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Wednesday, June 17, 2020

Evacuation Day

British ships leaving Boston Harbor
Unless you live in or near Boston, MA, you’ve probably never heard of Evacuation Day. But Bostonians celebrate it every March 17, since it marks the day in 1776 that the British forces finally left Boston, after being encamped there for eleven months. What prompted this final evacuation is a feat of human endurance, the likes of which we haven’t seen in years. There were cannons in Fort Ticonderoga, NY, over 300 miles away from Boston. General George Washington placed the transfer of these heavy cannon to the then 25-year-old Colonel Henry Knox. 
Henry Knox

They had to wait until the ground was frozen, otherwise the heavy equipment would become lodged in the soft dirt while in transit. The first part of the journey involved floating the fifty-nine cannons and mortars down Lake George, hoping to get them on land at the southern border of the lake before the water completely froze over. It took three days to traverse the lake. Then, the hard part began. The cannon parts were loaded onto forty-two sleds tugged by eighty oxen, over mountainous terrain. The journey took fifty-six days to accomplish. At the end of it, more than 1000 Bostonians gathered at Dorchester Heights overlooking Boston Harbor and reassembled the cannons. 
What the British didn’t realize was while the cannons may look dangerous to their troops in the harbor, the Americans had only enough gunpowder and cannon balls to issue warning shots. The fifty-nine cannons only looked impressive. Even more impressive was the fact some of the cannons facing the harbor were not cannons at all, but were logs painted black to resemble cannons, at least from a distance. 
The cleverness of the Americans was enough to do the trick, and the British forces left the harbor, finally. George Washington stood on the Heights above the city of Boston and watched as the ships evacuated the city and moved to Halifax, Nova Scotia.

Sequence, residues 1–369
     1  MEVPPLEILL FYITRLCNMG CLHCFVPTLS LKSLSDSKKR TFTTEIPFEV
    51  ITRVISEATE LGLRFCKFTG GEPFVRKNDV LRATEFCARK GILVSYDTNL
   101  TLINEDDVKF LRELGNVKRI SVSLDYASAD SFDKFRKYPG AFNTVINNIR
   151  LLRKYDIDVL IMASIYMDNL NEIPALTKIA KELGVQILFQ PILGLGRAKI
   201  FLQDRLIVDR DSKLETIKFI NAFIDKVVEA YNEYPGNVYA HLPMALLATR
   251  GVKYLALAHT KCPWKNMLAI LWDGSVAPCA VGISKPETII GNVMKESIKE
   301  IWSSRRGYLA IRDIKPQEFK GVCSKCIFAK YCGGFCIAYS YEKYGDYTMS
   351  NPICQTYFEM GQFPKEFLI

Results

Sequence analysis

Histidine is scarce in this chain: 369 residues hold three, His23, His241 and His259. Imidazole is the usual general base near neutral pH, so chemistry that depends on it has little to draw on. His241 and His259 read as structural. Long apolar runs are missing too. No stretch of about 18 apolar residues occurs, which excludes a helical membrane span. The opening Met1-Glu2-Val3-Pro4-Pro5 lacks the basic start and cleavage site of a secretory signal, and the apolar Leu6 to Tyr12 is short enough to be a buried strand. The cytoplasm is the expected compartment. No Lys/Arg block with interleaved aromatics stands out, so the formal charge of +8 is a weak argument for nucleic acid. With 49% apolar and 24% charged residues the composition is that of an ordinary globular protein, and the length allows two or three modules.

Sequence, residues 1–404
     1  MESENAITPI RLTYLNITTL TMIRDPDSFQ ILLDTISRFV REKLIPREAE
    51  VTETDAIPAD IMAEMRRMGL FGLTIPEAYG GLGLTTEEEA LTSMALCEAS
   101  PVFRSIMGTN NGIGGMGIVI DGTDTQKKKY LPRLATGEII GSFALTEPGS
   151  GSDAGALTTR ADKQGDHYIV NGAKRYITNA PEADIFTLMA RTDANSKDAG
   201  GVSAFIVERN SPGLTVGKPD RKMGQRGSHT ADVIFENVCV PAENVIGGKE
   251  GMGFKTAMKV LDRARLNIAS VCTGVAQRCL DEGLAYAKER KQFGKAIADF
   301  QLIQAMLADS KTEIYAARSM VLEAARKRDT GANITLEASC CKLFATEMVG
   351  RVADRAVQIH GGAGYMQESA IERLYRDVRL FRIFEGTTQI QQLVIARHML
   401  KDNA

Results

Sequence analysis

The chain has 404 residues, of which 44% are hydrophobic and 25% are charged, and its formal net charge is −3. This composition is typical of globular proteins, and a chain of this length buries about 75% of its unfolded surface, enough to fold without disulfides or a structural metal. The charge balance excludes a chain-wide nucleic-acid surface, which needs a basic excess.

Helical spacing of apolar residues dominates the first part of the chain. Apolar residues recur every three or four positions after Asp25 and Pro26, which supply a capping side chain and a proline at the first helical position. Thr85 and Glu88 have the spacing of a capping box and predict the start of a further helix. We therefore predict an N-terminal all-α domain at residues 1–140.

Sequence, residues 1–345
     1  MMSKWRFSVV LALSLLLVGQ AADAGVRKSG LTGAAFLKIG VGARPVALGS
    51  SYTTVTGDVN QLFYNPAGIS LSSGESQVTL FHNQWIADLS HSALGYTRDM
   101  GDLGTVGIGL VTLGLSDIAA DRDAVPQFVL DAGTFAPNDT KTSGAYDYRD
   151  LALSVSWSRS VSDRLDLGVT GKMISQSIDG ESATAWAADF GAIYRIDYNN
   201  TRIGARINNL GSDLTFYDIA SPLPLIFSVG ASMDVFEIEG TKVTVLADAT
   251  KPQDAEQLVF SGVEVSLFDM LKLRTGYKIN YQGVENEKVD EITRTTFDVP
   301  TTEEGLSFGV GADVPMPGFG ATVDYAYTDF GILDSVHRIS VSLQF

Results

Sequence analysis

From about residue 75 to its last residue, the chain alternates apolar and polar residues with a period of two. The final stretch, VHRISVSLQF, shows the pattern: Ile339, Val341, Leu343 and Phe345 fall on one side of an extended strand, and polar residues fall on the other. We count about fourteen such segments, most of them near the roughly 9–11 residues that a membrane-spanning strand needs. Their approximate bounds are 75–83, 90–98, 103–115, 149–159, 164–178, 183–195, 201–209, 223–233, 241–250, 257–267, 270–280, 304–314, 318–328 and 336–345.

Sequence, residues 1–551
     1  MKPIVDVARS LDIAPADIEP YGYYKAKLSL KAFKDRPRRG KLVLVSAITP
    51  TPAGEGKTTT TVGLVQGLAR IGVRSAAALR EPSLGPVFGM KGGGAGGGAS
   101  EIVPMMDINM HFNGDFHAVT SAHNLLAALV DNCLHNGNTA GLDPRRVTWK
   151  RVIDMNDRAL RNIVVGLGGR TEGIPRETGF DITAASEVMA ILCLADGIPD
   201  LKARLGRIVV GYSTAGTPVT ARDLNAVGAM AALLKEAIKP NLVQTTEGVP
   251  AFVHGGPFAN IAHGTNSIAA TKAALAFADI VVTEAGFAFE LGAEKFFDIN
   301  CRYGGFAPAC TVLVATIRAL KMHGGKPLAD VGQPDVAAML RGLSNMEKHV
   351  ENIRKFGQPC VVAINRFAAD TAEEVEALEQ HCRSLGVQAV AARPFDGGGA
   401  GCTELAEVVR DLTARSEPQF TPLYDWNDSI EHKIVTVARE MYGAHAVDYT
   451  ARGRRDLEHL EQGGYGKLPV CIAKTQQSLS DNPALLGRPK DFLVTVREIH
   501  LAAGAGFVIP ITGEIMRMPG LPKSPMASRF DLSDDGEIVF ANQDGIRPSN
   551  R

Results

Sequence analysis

I write about Evacuation Day in A British Heiress in America, the first book in my new Revolutionary Women series. The heroine, Pippa, has to don a boy’s clothing to move about the city by herself, and in her disguise, she is recruited to help assemble the cannons and paint the fake cannons. Here’s an excerpt: 

Shots rang out from the direction of Cambridge.
“The distraction’s begun, men,” Henry Knox called out. “Let’s get these cannons to Dorchester.”
Daniel glanced up as the snow swirled around the line of sleds and oxen. Several thousand men, by his rough estimate, had come together to help and were lending a hand at each sled. “Thank God. We have reinforcements.”
Ben chuckled. “The Brits won’t know what hit ‘em.”
With little fanfare, the men started reassembling the cannons and rolling them into place. The gunshots continued to ring out from Cambridge. With any luck, the cannons would be in position before the fighting stopped.
They unloaded one sled after another, and the oxen were led away to the closest farm with a corral large enough to hold them. The oxen’s hard work was finished, but the waiting men, and the cannons still had work to do. The gun battle whimpered to a close and the cannons were all in place. The fake guns, made from painted logs, had been placed in the farthest spots, but they appeared real enough, at least from a distance. Daniel ran his hand down one of the logs, admiring the ingenuity.
“I painted that one myself.”
He’d recognize that voice anywhere. Daniel wheeled and Pippa stood next to him, dressed in her cabin boy clothing and with a smirk on her face.
He grabbed her elbow. “What are you doing here?”
“Isn’t it obvious? I’m doing my part for the Revolution.” She wrenched her elbow away from his grasp. “I’ve decided to side with America instead of England.”
Daniel’s drooping body was like a plant which had just been given a healthy dose of water. He straightened and stared at her. Even in her boy’s clothing, with her hair tied back in a queue, she was exquisite. “So, you’re not running back across the Atlantic at your first opportunity?”
She shook her head. “No. I’ll need to take care of my business from afar and hope for the best. But no, I can’t side with the British anymore.”

A British Heiress in America is available for pre-order now here:


  1. Love these pieces of history and I can see why Boston would celebrate. What a fun tidbit to add to a story. Doris

  2. Thanks, Doris. I like to ground my stories in actual events of the time, and obscure events like this are perfect little tidbits to work into a story line.

  3. Boston is one of my favourite cities, and it's so full of history. I love a woman disguised as a boy in a story too. It looks like a great read.

    1. Thanks, C.A. I've only spent a few days in Boston, back in my younger days when I could walk the whole Freedom Trail. But I didn't know about Dorchester Heights and Evacuation Day then. I must return soon, since, as you say, it's full of history.

  4. That's some amazing history I knew nothing about. I love the cleverness and bravado of the Americans against a formidable British navy. Great excerpt.
    I've already preordered this book.

    1. Thanks, Sarah, for ordering the book. I spent a while experimenting with different time periods before finding my niche. I love the Revolutionary War period. The strength it took to live through that time is what draws me in. Hope you enjoy reading this book as much as I loved to write it.